Diagnostic dilemmas of high-grade transformation (Richter's syndrome) of chronic lymphocytic leukaemia: results of the phase II National Cancer Research Institute CHOP-OR clinical trial specialist haemato-pathology central review.
Soilleux EJ., Wotherspoon A., Eyre TA., Clifford R., Cabes M., Schuh AH.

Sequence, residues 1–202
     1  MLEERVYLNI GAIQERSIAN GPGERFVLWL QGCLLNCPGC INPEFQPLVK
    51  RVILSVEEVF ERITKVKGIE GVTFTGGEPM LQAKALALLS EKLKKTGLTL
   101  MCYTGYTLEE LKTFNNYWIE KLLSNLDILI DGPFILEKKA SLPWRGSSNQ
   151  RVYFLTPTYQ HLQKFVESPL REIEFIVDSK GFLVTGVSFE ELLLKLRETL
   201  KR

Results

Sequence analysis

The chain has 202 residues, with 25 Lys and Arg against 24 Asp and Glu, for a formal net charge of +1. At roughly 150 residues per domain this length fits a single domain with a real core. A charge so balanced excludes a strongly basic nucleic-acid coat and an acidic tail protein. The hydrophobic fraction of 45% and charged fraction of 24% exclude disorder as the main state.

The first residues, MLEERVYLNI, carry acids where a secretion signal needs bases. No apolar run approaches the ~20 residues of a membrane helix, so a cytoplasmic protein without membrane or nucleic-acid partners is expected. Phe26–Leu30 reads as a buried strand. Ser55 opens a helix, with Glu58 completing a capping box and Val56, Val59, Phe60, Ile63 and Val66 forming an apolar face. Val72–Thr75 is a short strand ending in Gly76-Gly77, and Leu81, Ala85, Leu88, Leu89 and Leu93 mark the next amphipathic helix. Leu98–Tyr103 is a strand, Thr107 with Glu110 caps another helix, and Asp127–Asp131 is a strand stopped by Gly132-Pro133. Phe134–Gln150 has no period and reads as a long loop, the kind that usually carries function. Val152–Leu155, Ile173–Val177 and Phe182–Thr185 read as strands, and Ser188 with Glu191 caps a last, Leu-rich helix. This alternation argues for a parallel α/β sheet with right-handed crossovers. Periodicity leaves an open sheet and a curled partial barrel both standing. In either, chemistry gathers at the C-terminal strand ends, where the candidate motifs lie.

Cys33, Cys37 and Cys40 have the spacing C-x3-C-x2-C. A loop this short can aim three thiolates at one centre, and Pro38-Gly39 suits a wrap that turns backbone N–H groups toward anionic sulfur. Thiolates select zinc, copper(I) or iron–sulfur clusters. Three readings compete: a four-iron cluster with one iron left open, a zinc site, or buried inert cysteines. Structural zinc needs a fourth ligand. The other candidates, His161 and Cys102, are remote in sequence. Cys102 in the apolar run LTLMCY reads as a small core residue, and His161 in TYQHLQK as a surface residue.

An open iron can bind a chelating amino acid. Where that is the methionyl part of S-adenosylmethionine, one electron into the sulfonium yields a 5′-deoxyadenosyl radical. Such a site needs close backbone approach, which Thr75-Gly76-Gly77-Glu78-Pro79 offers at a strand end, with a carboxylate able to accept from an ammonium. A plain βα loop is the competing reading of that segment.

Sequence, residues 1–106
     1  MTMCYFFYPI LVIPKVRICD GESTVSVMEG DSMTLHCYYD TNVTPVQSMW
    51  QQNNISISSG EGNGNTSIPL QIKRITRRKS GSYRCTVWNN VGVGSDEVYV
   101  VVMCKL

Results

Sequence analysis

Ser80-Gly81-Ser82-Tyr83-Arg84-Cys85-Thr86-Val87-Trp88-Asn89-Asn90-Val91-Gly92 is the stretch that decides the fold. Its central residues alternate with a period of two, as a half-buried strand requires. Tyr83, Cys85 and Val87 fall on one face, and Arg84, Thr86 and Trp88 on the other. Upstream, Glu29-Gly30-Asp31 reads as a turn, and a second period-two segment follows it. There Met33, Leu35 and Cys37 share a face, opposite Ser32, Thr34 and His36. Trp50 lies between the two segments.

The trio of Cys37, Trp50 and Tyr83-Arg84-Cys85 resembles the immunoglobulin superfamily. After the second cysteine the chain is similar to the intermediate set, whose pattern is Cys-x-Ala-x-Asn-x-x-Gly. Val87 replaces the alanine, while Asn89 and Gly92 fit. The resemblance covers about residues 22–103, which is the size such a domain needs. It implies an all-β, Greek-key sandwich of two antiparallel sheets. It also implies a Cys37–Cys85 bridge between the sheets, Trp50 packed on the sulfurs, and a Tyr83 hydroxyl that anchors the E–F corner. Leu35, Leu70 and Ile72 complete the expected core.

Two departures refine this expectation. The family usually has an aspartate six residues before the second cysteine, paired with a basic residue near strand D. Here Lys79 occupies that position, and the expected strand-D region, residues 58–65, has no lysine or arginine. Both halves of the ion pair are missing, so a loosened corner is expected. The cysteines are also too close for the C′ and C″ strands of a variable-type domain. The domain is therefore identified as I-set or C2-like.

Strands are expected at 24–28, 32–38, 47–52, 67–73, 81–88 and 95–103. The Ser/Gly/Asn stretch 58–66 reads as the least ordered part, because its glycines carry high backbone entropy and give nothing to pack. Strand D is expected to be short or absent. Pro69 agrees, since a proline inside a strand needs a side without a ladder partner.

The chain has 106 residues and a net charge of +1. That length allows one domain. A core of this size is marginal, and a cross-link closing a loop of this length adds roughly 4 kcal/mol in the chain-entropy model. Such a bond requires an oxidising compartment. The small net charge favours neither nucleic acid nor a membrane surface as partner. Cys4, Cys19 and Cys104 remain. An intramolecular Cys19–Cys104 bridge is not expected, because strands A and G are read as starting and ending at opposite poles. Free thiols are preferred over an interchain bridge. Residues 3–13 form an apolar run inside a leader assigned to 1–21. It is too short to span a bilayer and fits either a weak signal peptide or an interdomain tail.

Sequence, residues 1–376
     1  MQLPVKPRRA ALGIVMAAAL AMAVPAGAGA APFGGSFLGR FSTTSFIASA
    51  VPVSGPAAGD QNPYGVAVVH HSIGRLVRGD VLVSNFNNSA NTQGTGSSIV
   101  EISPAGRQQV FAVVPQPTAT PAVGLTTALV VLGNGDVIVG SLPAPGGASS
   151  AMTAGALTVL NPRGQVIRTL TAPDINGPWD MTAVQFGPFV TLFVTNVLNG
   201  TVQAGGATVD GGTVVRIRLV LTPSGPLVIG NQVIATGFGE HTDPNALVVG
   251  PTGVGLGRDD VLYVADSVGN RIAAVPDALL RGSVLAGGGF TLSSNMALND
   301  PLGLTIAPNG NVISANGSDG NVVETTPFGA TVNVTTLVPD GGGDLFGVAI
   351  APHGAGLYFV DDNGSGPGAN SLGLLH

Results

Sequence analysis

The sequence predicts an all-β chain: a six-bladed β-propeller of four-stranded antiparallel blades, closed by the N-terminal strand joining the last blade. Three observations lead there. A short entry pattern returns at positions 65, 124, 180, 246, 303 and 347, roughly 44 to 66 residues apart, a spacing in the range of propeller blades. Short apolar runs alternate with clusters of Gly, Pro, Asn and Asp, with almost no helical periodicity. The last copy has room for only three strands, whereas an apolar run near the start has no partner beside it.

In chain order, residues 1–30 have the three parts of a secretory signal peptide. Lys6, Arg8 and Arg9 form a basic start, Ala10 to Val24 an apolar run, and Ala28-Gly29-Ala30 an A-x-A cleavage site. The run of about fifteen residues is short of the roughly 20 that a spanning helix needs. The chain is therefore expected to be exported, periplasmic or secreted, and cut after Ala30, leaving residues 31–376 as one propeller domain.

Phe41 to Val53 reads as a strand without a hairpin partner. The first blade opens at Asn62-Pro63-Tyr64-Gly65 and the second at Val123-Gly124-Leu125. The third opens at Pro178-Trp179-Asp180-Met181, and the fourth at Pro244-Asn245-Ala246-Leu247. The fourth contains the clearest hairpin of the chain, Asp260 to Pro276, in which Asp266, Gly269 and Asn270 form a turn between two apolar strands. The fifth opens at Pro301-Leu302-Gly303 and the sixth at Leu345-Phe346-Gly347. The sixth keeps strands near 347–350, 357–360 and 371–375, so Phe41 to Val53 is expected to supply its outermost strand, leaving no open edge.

AIMS: Richter's syndrome (RS) refers to high-grade transformation of B-cell chronic lymphocytic leukaemia (CLL), usually to diffuse large B-cell lymphoma, as assessed according to strict World Health Organization (WHO)-defined histological criteria. Although this is a relatively evidence-poor area, the recommended clinical management of high-grade transformation differs considerably from that of relapsed CLL. The 'CHOP-OR' trial was a single-arm, multicentre, non-randomized phase II National Cancer Research Institute trial in patients with newly diagnosed RS, recruited from across the UK from April 2011 to December 2014. Forty-three patients were enrolled, of whom 37 were ultimately evaluable for response. The aim was to verify the presence of RS in the trial patients and identify pitfalls in the diagnosis of RS. METHODS AND RESULTS: Two independent, specialist haematopathologists reviewed histological material from 40 available cases enrolled in the CHOP-OR trial to determine whether the submitted diagnosis of RS was correct. Three cases were unavailable for central review. This series represents the largest central review of RS within a prospective trial in the literature to date. Thirty-three of the 40 (82.5%) submitted cases showed features consistent with WHO-defined RS. Reasons for diagnostic uncertainty in discrepant cases included large proliferation centres, variably confluent and serpiginous proliferation centres, and an apparently high proliferation index, sometimes attributable to a thick section or associated normal bone marrow proliferation. CONCLUSIONS: We discuss the importance of high-quality histological and immunohistochemical sections and strict adherence to WHO criteria in the diagnosis of RS. This study further reinforces the importance of centralized review of cases of haematological malignancy.